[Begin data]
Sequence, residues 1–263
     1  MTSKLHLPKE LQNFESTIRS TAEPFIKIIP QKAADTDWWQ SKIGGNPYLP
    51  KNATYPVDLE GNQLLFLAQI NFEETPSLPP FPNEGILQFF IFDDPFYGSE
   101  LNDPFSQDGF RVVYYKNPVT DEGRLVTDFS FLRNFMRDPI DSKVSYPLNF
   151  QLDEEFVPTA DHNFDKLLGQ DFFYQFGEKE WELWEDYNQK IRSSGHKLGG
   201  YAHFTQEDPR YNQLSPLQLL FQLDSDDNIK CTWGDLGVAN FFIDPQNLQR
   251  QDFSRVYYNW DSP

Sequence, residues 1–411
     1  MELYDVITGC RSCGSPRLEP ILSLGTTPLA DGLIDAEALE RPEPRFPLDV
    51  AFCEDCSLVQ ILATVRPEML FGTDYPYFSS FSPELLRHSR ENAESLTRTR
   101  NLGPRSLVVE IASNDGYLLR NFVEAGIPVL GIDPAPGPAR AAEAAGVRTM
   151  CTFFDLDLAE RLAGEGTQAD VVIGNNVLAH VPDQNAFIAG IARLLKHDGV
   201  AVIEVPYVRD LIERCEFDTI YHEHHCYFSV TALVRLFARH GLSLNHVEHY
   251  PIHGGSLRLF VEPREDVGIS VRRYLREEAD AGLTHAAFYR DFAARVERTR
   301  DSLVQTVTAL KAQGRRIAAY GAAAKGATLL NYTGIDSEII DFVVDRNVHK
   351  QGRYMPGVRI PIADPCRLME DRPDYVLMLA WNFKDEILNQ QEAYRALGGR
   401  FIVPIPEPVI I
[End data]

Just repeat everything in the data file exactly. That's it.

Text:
Sequence, residues 1–263
     1  MTSKLHLPKE LQNFESTIRS TAEPFIKIIP QKAADTDWWQ SKIGGNPYLP
    51  KNATYPVDLE GNQLLFLAQI NFEETPSLPP FPNEGILQFF IFDDPFYGSE
   101  LNDPFSQDGF RVVYYKNPVT DEGRLVTDFS FLRNFMRDPI DSKVSYPLNF
   151  QLDEEFVPTA DHNFDKLLGQ DFFYQFGEKE WELWEDYNQK IRSSGHKLGG
   201  YAHFTQEDPR YNQLSPLQLL FQLDSDDNIK CTWGDLGVAN FFIDPQNLQR
   251  QDFSRVYYNW DSP

Sequence, residues 1–411
     1  MELYDVITGC RSCGSPRLEP ILSLGTTPLA DGLIDAEALE RPEPRFPLDV
    51  AFCEDCSLVQ ILATVRPEML FGTDYPYFSS FSPELLRHSR ENAESLTRTR
   101  NLGPRSLVVE IASNDGYLLR NFVEAGIPVL GIDPAPGPAR AAEAAGVRTM
   151  CTFFDLDLAE RLAGEGTQAD VVIGNNVLAH VPDQNAFIAG IARLLKHDGV
   201  AVIEVPYVRD LIERCEFDTI YHEHHCYFSV TALVRLFARH GLSLNHVEHY
   251  PIHGGSLRLF VEPREDVGIS VRRYLREEAD AGLTHAAFYR DFAARVERTR
   301  DSLVQTVTAL KAQGRRIAAY GAAAKGATLL NYTGIDSEII DFVVDRNVHK
   351  QGRYMPGVRI PIADPCRLME DRPDYVLMLA WNFKDEILNQ QEAYRALGGR
   401  FIVPIPEPVI I